Try to reserve the bed as a space for sleep. Keep the bedroom cool, quiet, and dark or only dimly lit. Do not use the bedroom for stimulating activities; it cannot be a multipurpose room. This may require avoiding work, television watching, or gaming in bed. Leave the smartphone in the kitchen to charge overnight. As much as possible, when bedtime approaches, crawl into bed after turning out the light with the intent of immediately falling asleep. Set an alarm, but then cover up the clock to avoid anxious clock watching.

Go to Bed Feeling Sleepy

It may seem like an odd suggestion, but it is an important realization: to fall asleep faster, only go to bed when feeling sleepy. Sleepiness, or drowsiness, reflects the state that exists just prior to the onset of sleep. It may be characterized by heavy eyelids, blurred vision, a warm feeling that sweeps through the body. This feeling may seem foreign in the throes of insomnia. It is not the same as fatigue or tiredness (which may reflect physical sensations, felt especially deep within the muscles or bones).

To strengthen this sensation, avoid naps, try to get some exercise or physical activity during the day, and protect the time to unwind before going to bed. Do not go to bed earlier than the goal bedtime, so as to optimize the onset of sleep and the continuity and depth of sleep through the night.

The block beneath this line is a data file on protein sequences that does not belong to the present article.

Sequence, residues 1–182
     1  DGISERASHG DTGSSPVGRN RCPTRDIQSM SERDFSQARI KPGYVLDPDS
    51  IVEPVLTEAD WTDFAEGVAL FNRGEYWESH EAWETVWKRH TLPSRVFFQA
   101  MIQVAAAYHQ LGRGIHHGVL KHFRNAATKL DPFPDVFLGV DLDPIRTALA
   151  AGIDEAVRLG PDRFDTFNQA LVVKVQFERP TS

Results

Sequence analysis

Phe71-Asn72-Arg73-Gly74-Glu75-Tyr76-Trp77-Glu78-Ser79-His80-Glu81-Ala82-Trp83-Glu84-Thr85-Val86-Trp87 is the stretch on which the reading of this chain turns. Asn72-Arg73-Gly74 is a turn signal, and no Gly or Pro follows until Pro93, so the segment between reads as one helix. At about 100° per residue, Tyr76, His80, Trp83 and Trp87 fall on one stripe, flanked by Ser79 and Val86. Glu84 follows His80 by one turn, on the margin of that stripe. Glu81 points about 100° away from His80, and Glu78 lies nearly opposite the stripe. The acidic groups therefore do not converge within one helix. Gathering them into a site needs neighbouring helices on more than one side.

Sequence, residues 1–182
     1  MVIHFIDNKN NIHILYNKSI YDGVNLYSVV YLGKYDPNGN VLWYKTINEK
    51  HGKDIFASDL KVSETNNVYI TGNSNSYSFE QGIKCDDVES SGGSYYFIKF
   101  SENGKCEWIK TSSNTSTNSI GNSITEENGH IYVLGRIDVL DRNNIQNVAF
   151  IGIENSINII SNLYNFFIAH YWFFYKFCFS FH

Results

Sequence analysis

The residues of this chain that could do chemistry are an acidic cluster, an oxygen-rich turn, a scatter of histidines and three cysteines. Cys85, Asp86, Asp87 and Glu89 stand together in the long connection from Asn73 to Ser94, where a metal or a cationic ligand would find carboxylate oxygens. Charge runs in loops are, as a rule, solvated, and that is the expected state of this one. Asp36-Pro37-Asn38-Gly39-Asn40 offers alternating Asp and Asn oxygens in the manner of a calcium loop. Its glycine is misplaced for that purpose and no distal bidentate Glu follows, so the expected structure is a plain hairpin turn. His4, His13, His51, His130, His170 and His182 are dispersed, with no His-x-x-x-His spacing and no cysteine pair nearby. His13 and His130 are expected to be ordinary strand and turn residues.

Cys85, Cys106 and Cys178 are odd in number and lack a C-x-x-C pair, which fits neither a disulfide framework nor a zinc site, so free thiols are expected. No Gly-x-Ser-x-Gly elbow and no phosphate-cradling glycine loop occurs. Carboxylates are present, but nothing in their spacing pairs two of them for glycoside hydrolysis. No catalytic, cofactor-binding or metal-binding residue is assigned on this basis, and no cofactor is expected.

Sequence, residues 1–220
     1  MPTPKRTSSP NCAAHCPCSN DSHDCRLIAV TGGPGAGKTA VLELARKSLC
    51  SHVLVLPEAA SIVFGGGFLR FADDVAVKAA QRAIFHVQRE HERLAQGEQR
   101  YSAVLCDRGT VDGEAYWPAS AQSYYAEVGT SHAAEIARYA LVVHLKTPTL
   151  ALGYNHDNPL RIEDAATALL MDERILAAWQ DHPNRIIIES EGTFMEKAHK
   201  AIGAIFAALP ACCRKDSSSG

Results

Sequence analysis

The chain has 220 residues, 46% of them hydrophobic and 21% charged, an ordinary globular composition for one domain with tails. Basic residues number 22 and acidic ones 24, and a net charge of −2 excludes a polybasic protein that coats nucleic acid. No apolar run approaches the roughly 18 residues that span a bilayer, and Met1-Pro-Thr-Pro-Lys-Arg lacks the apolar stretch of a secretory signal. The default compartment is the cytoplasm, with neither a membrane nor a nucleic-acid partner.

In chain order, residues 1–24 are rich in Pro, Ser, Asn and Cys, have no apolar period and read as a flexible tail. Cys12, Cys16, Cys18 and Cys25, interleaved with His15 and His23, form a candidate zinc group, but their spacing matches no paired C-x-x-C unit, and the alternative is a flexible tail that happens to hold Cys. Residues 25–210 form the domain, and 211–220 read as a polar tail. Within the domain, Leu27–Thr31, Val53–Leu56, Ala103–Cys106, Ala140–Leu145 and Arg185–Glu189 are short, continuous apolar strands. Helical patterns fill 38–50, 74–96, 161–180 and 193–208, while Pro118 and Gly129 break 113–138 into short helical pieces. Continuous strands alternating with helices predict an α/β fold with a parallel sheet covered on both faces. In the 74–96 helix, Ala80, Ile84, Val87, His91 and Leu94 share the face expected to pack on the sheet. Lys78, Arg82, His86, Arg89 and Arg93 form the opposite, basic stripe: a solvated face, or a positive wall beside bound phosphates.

Reduce Stress

Stress and anxiety are not conducive to sleep. In some cases, periods of extreme stress may lead to unrelenting insomnia, severe sleep fragmentation, and bizarrely vivid dreams. It may be necessary to dial this back through behavioral techniques, via counseling, or through medications.

There are some sources of stress beyond an individual’s control. It may be helpful to compartmentalize this and focus on tasks that may be manageable.

Consider prior stress management techniques that have been helpful in the past: exercise, time spent outdoors, playing games, cooking, talking to family or friends, journaling, and myriad other hobbies. Relaxation techniques—including breathing, muscle relaxation, and guided imagery—may also be helpful. It may be important to reduce stress in the hours preceding bedtime.

Consider a Sleep Aid

In some cases, it may necessary to rely on the help of a sleep aid to fall asleep faster. Melatonin is available over-the-counter and should be used at low doses. Certain medications that contain diphenhydramine or doxylamine, though potentially beneficial, may have higher risks of side effects. 

If a sleep aid is needed for more than a few weeks, evaluation by a board-certified sleep physician and cognitive behavioral therapy for insomnia (CBTI) may be recommended.

A Word From Verywell

It is normal to have an occasional rough night of sleep. In the context of the coronavirus pandemic, these difficulties getting to sleep that characterize insomnia may be more common. It is possible that changes in our lifestyle—sleeping in, disconnecting from natural light exposure, taking naps, not exercising, drinking more caffeine or alcohol, and going to bed early—have provoked additional difficulties. Fortunately, simple changes to revert to our healthy baseline may get someone back on track and help them to fall asleep fast. If problems persist, get help from a sleep professional.